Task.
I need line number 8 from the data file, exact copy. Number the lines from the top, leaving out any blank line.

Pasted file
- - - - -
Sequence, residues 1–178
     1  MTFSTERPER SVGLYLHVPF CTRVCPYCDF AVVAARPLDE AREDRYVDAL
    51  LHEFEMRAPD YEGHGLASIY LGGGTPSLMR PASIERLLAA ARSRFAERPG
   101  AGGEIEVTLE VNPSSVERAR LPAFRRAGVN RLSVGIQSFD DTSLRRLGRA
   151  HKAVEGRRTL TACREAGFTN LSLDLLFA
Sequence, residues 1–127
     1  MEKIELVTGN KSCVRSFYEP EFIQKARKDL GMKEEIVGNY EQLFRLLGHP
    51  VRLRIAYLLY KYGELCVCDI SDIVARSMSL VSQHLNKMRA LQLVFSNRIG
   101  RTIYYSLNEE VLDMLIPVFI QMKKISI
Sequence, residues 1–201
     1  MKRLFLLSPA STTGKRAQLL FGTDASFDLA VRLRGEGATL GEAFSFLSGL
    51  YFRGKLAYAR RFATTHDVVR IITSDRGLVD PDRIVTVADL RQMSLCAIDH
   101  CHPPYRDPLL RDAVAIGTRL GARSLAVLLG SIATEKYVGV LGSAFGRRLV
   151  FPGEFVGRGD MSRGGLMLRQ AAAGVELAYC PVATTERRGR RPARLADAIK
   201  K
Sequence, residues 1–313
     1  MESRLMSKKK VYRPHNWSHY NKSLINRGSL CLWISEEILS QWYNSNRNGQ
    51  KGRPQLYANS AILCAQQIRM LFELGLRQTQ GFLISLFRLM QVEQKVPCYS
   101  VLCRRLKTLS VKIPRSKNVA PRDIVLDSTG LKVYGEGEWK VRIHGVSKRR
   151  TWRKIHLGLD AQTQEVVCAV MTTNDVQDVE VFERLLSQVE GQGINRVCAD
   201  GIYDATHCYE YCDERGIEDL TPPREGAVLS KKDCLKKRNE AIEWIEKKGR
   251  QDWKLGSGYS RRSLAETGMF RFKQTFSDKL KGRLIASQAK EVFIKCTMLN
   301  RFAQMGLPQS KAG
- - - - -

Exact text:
    51  VRLRIAYLLY KYGELCVCDI SDIVARSMSL VSQHLNKMRA LQLVFSNRIG